Age-old problem of discrimination in the workplace to become worse, say experts

Age-old problem of discrimination in the workplace to become worse, say experts

OLDER employees who fail to make executive grade by the time they reach 50 face nearly 20 years of workplace discrimination, charities have warned.

Research by charity Age Scotland suggests that, with the state pension age set to rise from 65 to 67 by 2028, discrimination would impact on a growing proportion of people in their mid to late-60s unable to draw their state pension or any linked private or occupational savings.

According to a poll for The Herald by BMG Research, just 14 per cent of those aged over 65 in Scotland say there is adequate support and opportunities for those who want to re-train and learn new skills compared to some 43 per cent of those aged 16 to 34.

Derek Young, Age Scotland’s senior policy officer, called for a change in mindset from employers to view older workers as an asset rather than a liability.

And he also highlighted the need for a wider range of training opportunities for older workers.

He said some firms tended to view older workers as “less reliable because of health issues or more expensive in terms of salaries”.

Mr Young added: “There are also concerns that the suitability of older people for a particular role may not be as well recognised as younger candidates if recruiters are younger and don’t recognise historic qualifications.

“Retraining for older jobseekers tends to focus on IT skills and rudimentary support for job-seeking and there are clearly sections of the economy where this will be of comparatively limited value.”

Dr Donald Macaskill, chief executive officer of Scottish Care, said recognition of experience was just as important as formal qualifications.

He said: “While formal courses will play a part we also need to validate and value life-learning and be less obsessed with academic and accredited qualifications.”

While there are concerns about the opportunities for older people to retrain in more advanced settings, Universities Scotland said post-graduate options were available.

However, a spokeswoman said greater awareness of the funding options now available through loans was vital. She said: “Having the opportunity to re-skill or up-skill at any point in your career is really important to our economy so it is important we put the framework in place to support people.

“Short, postgraduate courses are a great way for people to get depth of knowledge in a new area relatively quickly and the change to making loans available is good news.”

Susan Stewart, director of the Open University in Scotland, said the notion of lifelong learning was as important as ever with an ageing population.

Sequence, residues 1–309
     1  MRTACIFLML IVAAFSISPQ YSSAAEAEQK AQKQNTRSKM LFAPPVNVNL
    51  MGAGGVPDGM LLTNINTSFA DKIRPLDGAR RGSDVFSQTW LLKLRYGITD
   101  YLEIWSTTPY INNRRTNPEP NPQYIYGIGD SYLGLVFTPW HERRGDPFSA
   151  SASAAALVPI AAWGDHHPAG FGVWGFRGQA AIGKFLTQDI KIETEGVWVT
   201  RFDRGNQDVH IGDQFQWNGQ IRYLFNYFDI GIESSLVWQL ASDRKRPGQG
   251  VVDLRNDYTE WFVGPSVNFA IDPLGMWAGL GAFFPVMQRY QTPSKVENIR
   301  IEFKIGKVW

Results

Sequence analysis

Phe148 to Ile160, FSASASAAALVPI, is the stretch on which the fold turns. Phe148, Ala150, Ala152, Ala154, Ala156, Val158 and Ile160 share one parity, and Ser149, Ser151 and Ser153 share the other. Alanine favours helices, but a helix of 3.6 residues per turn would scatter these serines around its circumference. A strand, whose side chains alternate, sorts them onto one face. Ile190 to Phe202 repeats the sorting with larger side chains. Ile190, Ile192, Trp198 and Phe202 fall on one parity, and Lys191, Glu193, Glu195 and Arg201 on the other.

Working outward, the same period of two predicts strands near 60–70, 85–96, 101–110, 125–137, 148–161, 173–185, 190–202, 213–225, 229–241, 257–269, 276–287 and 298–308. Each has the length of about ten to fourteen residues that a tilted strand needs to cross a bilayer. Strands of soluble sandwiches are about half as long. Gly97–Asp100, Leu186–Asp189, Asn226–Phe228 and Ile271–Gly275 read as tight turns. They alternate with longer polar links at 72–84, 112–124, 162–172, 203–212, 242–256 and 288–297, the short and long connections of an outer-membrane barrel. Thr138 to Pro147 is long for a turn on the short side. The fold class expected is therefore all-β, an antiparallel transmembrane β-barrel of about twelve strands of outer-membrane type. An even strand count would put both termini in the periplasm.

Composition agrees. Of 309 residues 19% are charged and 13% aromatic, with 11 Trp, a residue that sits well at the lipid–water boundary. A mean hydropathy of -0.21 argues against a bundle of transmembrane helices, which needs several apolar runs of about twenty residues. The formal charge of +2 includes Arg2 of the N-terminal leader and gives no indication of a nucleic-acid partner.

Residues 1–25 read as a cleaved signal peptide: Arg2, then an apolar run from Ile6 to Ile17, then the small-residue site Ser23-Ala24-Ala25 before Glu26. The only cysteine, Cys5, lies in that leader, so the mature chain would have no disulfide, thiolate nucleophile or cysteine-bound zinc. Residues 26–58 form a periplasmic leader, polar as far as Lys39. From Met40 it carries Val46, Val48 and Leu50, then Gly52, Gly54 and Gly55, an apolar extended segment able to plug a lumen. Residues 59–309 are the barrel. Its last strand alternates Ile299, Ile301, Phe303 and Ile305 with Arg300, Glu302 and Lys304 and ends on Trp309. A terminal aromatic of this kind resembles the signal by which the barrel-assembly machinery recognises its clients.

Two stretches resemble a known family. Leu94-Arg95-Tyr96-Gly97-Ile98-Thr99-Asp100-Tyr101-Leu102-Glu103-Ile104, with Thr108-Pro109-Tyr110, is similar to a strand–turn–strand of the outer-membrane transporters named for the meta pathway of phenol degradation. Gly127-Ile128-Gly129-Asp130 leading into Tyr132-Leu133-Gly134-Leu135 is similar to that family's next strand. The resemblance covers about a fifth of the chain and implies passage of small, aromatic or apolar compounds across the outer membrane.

The Open University is already providing significant opportunities with 15 per cent of students aged 50 or over and more than one-fifth of these without traditional university entrance qualifications.

Ms Stewart said: “Education opens up opportunities regardless of how old we are and we need to make sure university is accessible to people of any age, not just young people straight out of school.

“Our globalised economy changes very quickly and we see different types of jobs being created and also disappearing at a remarkable speed.

“The only way to prepare as a society for that kind of change is to make sure it’s as easy as possible to learn new things and that means giving learners choice about how and when they study.”

Another Scottish institution at the forefront of learning for older people is Strathclyde University in Glasgow, which has a Centre for Lifelong Learning. Alix McDonald, head of the centre, said the university had people attending aged from 60 well into the 90s.

He said: “This shows that the community of retired or increasingly semi-retired people covers two or even three generations and, within this broad demographic, there is a host of different reasons for undertaking learning.

“We will soon be establishing an Age-Friendly Academy which is a university-wide initiative designed to capture the work being undertaken at Strathclyde relating to matters of ageing, part of which aims to develop provision for people aged over 50 who are wanting to retrain, learn new skills, change career or set up their own business.”

In Scotland, the number of workers exceeding state pension age has increased consistently over the past decade, particularly since the 2011 legislation to abolish the default retirement age.

The Scottish Government’s Fairer Scotland Action Plan states: “We are concerned some older people, women in particular, may feel they have to work because of low pension incomes or that they end up working in lower-skilled jobs to balance work and caring responsibilities.

“We will therefore ensure that older workers’ needs are considered in the development of new employment services, some of which will be devolved to Scotland from April 2017.

Original Source – Andrew Denholm from The Herald Scotland –

adminAge-old problem of discrimination in the workplace to become worse, say experts